The NatWest tower was completed and in use by April 1980, but received its Royal opening only in July 1981, weeks before that year’s Royal wedding. This seems appropriate, with the tower, a rocket ship ready to blast off to financial heaven, symbolising another aspect of a landmark decade and remaining the tallest building in the capital for the whole of it.


But despite its undoubted prestige, the NatWest tower was a compromise. It was never large enough to house all of the new bank’s operations and became a base only for its international banking division. The awkward shape of the leaves reduced flexibility, and the core-and-cantilever concept restricted the size of the office floors – and still not all are column-free. Just six years after it opened, the revolution that was Big Bang transformed the architectural needs of many financial services firms and drove them to demand massive open trading floors, impossible in a tower. The group headquarters settled at 41 Lothbury and remained there until NatWest was taken over by RBS in 2000.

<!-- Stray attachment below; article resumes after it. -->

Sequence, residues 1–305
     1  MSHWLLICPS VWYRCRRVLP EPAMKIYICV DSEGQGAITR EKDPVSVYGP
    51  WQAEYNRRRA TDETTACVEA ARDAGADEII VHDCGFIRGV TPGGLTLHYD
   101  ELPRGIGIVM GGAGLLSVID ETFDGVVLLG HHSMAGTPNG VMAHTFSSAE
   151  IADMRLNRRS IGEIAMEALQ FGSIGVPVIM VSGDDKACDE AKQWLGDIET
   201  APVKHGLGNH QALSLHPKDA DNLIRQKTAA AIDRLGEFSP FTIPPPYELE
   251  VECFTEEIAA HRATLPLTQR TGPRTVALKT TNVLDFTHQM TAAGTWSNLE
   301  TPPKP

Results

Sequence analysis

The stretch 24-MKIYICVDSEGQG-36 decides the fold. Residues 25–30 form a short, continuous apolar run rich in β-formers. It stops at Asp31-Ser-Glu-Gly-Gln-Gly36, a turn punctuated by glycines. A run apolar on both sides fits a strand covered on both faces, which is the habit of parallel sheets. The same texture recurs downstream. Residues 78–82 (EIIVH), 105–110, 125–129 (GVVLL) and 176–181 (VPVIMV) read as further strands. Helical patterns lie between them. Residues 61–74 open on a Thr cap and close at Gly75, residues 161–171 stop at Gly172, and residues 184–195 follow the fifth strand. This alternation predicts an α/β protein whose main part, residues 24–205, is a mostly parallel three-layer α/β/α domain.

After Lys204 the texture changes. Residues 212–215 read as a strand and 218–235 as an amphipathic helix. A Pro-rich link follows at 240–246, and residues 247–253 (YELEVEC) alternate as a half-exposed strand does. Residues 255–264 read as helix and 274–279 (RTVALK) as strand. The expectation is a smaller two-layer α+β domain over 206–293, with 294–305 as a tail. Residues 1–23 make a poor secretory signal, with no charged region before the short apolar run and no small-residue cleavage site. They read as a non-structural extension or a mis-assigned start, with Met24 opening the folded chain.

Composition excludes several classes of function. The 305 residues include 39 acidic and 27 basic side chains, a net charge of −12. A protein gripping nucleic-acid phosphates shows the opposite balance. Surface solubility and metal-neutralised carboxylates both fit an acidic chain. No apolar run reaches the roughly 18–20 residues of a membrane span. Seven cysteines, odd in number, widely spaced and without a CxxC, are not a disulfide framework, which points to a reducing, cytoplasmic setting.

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Chris Rogers  |  Writer on architecture and visual culture